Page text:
Verizon Cuts $350M From Yahoo Acquisition Price

 Verizon has scored a $350 million price cut from its offer to acquire Yahoo’s Internet business, originally priced at $4.83 billion.

Now, the deal is valued at about $4.48 billion, around a 7% drop.

While this may seem like a loss for Yahoo, at least Verizon didn’t drop the deal entirely, especially after Yahoo disclosed last fall that two massive user-data breaches had occurred.

Yahoo CEO Marissa Mayer stated: “We continue to be very excited to join forces with Verizon and AOL. This transaction will accelerate Yahoo’s operating business especially on mobile, while effectively separating our Asian asset equity stakes.”

Sources told The Washington Post that Verizon decided to go forward with the deal when an internal investigation revealed only a small number of Yahoo’s monthly active users abandoned the site as a result of the data breaches.



The disclosure of the breaches caused a delay in the acquisition process, as Verizon and Yahoo discussed new terms of the deal and finally agreed on a price reduction.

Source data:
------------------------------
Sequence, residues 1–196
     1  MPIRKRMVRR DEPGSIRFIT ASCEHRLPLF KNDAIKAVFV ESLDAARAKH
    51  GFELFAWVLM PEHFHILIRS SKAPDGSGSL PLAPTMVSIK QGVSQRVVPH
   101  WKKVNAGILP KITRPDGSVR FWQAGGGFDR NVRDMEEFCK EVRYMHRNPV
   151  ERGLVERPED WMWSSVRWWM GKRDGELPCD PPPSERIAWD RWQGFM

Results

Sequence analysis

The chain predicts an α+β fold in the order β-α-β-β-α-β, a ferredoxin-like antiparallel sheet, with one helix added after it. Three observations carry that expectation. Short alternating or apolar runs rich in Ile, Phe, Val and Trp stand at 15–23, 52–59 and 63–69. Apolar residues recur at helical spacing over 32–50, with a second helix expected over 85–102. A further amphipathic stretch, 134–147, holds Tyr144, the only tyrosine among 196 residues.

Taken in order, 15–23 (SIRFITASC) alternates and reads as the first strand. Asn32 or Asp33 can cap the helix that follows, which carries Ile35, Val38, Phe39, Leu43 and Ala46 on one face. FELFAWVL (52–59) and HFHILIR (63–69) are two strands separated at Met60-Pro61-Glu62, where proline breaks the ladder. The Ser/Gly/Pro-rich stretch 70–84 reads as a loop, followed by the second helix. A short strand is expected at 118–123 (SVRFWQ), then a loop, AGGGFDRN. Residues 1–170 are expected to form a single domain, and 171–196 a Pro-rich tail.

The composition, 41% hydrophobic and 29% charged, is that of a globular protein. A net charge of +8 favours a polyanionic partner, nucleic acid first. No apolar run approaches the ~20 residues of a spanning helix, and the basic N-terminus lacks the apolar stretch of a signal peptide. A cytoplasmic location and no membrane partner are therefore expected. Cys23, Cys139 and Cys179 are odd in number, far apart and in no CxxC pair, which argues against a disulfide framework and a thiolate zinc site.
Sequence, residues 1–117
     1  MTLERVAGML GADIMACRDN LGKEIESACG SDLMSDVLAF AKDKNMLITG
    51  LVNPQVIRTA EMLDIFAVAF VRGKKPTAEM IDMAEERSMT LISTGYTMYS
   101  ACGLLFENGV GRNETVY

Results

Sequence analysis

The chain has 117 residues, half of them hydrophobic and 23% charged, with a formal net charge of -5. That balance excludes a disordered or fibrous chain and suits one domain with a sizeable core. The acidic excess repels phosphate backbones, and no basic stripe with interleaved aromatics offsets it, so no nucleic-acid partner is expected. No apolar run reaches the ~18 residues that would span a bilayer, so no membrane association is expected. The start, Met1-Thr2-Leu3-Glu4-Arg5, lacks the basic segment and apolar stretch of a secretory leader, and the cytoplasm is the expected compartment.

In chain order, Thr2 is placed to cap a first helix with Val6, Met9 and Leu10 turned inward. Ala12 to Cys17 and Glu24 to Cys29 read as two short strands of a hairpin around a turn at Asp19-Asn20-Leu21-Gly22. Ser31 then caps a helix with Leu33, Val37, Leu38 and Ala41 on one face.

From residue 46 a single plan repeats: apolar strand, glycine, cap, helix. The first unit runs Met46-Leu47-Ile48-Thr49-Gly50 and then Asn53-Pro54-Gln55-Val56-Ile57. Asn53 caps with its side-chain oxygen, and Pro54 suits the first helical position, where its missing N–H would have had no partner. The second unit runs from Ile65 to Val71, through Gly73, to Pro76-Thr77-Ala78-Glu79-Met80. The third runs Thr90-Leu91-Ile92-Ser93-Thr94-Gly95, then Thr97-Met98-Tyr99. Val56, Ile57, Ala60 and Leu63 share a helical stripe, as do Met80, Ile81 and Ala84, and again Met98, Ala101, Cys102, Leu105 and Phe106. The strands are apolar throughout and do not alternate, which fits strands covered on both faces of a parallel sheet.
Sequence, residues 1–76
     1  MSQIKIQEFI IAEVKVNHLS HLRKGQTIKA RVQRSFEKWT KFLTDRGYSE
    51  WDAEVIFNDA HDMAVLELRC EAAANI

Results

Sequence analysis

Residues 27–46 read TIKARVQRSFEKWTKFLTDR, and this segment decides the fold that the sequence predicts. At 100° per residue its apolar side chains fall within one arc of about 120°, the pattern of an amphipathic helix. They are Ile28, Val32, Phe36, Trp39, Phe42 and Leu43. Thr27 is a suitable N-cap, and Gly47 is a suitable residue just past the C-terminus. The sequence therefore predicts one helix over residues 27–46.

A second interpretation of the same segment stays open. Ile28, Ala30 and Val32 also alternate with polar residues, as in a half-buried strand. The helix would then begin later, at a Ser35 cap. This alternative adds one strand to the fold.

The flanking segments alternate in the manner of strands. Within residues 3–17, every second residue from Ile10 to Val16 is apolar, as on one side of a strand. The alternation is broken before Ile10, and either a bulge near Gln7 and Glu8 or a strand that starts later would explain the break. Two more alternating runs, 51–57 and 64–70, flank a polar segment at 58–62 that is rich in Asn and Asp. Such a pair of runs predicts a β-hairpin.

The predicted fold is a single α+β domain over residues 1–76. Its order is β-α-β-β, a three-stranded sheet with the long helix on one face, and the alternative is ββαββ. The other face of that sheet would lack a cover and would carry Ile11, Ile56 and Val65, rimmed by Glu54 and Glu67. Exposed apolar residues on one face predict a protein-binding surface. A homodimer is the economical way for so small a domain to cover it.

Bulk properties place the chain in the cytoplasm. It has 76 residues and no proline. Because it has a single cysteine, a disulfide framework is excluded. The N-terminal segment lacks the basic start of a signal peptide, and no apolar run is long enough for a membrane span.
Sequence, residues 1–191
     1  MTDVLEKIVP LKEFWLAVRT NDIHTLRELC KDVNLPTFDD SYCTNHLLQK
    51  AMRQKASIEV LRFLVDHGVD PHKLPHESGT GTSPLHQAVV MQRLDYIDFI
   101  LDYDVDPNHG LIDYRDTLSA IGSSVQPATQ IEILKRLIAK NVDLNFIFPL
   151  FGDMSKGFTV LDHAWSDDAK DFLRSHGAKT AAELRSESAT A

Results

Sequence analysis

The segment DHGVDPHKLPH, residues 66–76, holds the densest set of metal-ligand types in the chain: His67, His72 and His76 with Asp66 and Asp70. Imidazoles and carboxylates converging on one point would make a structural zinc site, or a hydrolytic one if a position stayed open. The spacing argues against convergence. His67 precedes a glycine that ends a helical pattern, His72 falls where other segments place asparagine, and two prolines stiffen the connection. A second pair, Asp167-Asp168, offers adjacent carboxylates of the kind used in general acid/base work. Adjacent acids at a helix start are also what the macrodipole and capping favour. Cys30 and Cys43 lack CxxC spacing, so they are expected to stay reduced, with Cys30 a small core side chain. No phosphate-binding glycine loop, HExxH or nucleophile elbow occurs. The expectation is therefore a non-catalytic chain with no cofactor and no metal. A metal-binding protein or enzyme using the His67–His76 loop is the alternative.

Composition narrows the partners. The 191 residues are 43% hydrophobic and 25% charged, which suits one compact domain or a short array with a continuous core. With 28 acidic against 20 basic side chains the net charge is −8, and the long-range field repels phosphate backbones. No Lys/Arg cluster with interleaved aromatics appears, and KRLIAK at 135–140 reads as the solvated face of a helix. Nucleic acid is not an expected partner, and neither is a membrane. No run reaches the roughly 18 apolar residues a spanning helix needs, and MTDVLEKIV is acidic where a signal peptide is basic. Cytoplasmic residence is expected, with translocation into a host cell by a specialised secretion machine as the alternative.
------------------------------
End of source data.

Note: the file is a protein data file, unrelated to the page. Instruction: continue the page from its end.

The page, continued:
In September 2016, Yahoo announced at least 500 million email accounts were stolen by hackers in 2014. A few months later, the company disclosed that data from more than 1 billion user accounts were stolen back in 2013.

Yahoo divulged this information months after the companies had reached their initial agreement in July.

Under the new terms of the agreement, Verizon will split liability from all future lawsuits related to the security breaches and from Yahoo’s users or commercial partners with Altaba, which will own the remaining portion of Yahoo that is not being sold to Verizon.

Altaba owns a partial stake in the Chinese e-commerce giant Alibaba.

“The amended terms of the agreement provide a fair and favorable outcome for shareholders,” stated Marni Walden, Verizon EVP and president of product innovation and new businesses. “It provides protections for both sides and delivers a clear path to close the transaction in the second quarter.”

The deal is expected to close in the second quarter of 2017.

Verizon wants access to Yahoo’s 1 billion monthly user base, including about 600 million mobile users, and serve them digital advertising.

AOL CEO Tim Armstrong will be responsible for the combined AOL-Yahoo group.

Once the deal closes, Mayer will resign from Altaba’s board. She is expected to remain involved throughout the transition period.
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